One of the best ways to enrich your experience at Sunday Mass is to pray the Gospel Reading personally.
A great way of doing this is using the “Lectio Divina”; this is a powerful method which we explain here. The following is the Sunday gospel reading with a reflection that is especially aimed at youth.
We hope that it serves you in your personal prayer and that it serves as a resource that you can share with your apostolate.
The apostles said to the Lord, “Increase our faith.” The Lord replied, “If you have faith the size of a mustard seed, you would say to this mulberry tree, ‘Be uprooted and planted in the sea,’ and it would obey you.
“Who among you would say to your servant who has just come in from plowing or tending sheep in the field, ‘Come here immediately and take your place at table’? Would he not rather say to him, ‘Prepare something for me to eat. Put on your apron and wait on me while I eat and drink. You may eat and drink when I am finished’? Is he grateful to that servant because he did what was commanded? So should it be with you. When you have done all you have been commanded, say, ‘We are unprofitable servants; we have done what we were obliged to do.’”
About a week ago, I was a guest in the house of a sister who runs a school. It just so happened that I was leaving right when the parents were dropping their kids off at school. I couldn’t help but marvel at how the parents dramatically said goodbye to their little ones. It was as if the kids were about to embark on an arduous and uncertain journey. While the kids couldn’t wait to get away and be with their friends, it was the parents who were really suffering the separation. I couldn’t help but think back to my childhood. That my parents would accompany me to school was inconceivable!
In today’s culture where children are treated like princes and princesses, I asked myself: what kind of message are adults sending to their children? Even if they are said out loud, I can imagine phrases such as: “be careful, people can hurt you out there! You can only be happy with me! I will protect you against this untrustworthy world!”
How can a child have any trust in the world when they grow up with this daily message, transmitted with such strong, affectionate undertones?
Our openness to trust in the world outside depends on a lot on how we were raised, on what kind of messages we received when we were young. Granted, we always have a choice. We can always say, “Those were my parents’ fears, not mine.”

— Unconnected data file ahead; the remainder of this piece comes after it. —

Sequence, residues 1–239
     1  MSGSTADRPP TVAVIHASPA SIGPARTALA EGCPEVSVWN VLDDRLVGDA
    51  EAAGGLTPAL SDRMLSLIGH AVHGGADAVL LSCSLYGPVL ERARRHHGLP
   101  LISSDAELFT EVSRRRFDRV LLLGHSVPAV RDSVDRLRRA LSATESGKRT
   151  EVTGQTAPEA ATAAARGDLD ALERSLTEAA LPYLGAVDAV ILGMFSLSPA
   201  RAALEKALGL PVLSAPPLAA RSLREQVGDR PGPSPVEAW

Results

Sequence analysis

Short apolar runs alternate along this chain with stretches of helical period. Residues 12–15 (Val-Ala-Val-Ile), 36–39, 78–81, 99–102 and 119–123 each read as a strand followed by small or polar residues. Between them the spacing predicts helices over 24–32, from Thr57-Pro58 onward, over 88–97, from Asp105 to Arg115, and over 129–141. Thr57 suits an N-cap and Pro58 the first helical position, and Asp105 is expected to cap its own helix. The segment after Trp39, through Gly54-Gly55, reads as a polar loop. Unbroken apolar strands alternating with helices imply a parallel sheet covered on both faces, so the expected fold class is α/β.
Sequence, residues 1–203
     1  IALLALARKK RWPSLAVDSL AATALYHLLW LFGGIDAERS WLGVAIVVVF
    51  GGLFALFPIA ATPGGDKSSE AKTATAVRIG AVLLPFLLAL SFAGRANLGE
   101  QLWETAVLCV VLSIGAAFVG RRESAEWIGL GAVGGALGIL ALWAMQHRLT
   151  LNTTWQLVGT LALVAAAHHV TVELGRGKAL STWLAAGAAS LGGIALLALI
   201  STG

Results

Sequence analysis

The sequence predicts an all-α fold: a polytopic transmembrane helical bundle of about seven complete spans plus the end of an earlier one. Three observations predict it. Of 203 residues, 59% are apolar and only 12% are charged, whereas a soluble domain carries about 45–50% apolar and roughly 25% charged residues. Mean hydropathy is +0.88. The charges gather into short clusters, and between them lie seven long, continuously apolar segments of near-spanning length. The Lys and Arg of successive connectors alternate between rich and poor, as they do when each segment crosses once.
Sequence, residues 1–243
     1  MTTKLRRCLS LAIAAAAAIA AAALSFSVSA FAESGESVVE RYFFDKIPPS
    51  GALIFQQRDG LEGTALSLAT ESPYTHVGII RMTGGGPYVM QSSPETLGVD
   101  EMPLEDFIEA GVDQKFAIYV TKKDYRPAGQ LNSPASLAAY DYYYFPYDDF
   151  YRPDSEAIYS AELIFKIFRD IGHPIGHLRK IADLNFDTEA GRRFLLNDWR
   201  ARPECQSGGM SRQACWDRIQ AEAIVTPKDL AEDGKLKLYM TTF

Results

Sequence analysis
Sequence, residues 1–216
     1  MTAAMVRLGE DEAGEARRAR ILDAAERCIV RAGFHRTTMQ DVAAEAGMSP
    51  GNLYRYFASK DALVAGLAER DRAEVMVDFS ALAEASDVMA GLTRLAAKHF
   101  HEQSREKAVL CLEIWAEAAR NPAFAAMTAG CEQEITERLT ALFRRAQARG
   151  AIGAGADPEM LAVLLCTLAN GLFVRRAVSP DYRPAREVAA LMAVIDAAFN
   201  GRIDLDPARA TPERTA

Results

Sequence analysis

Sooner or later, we realize that this mistrust lives within us. But, if we aren’t careful, it can contaminate our spiritual lives. We can end up distrusting even God!
You see, trust is a way of living. It’s no surprise, then, that today’s Gospel follows the last few Sunday gospel readings. Remember the sons of the merciful father, the dishonest steward, the rich man? They were all people who distrusted. And when you don’t trust, you close yourself off, you only think of yourself, you defend what you have, you hide…
He who trusts gives himself over to the other. He faces the world with an attitude of gracious benevolence. He looks upon the other – to use an expression of C. Rogers – with an unconditionally positive gaze. This has nothing to do with naivety. He who trusts accepts the risk of being disappointed. I trust if I accept the fact that I need help, if I realize that I am not enough on my own. The rich man could never trust. He is too full of himself. He doesn’t even realize that there is someone other than himself!
He who feels powerful and rich doesn’t trust. Rather he is anxious to control and to defend. On the contrary, whoever serves life can’t help but trust because he has to wait for life to provide him with food to live. The “useless servant” is able to trust. Here “useless” refers to the person that serves freely, without any utility, without being paid, without any hopes of profit. The servant who serves simply to serve is a man that trusts, a man who confronts life with the certainty that he won’t go hungry.
Jesus warns his followers who didn’t consider themselves to be useless, but necessary. They expected payment and used their service as an opportunity for power. The Gospel probably refers to those who started to live out their role as a way of exercising power over others.
Plowing and keeping sheep are two verbs that recall apostolic activities. To plow means so spread seeds, to evangelize, to proclaim the Word. To keep the sheep means to take care of the flock, to accompany the community. Here we are talking about preaching and governing. Unfortunately, it’s not uncommon that those who live out these roles allow fear to take root. Their flock becomes like monsters to them and they no longer trust.
Seeing that life is confrontational, trust can’t be increased: either you trust or your don’t. It is a lifestyle. Whoever thinks that they can increase their faith, like the disciples in this Gospel verse, has an economic view of life. Trust, however, evades the logic of those who want to improve, to advance, or to invest. Trust is a way of living in relationship with the world. In relationships, either you give yourself or you back out. Remember that trust is the only way to heal broken relationships: on the banks of the Tiberias, Jesus restores his trust in traitor Peter.
Whenever we imagine the world to be some monstrous place, whenever we feel like everyone is out to get us, trusting is going to be tough. The same thing occurs in our relationship with God. If He seems like some master, or judge, or enigmatic distributor of goods and evils, trusting in Him is not going to be easy.
If we continue to feel suffocated by that embrace of distrust, we can always free ourselves – delicately – by reminding ourselves and others that we will certainly come back home safe and sound after this new day in the world.
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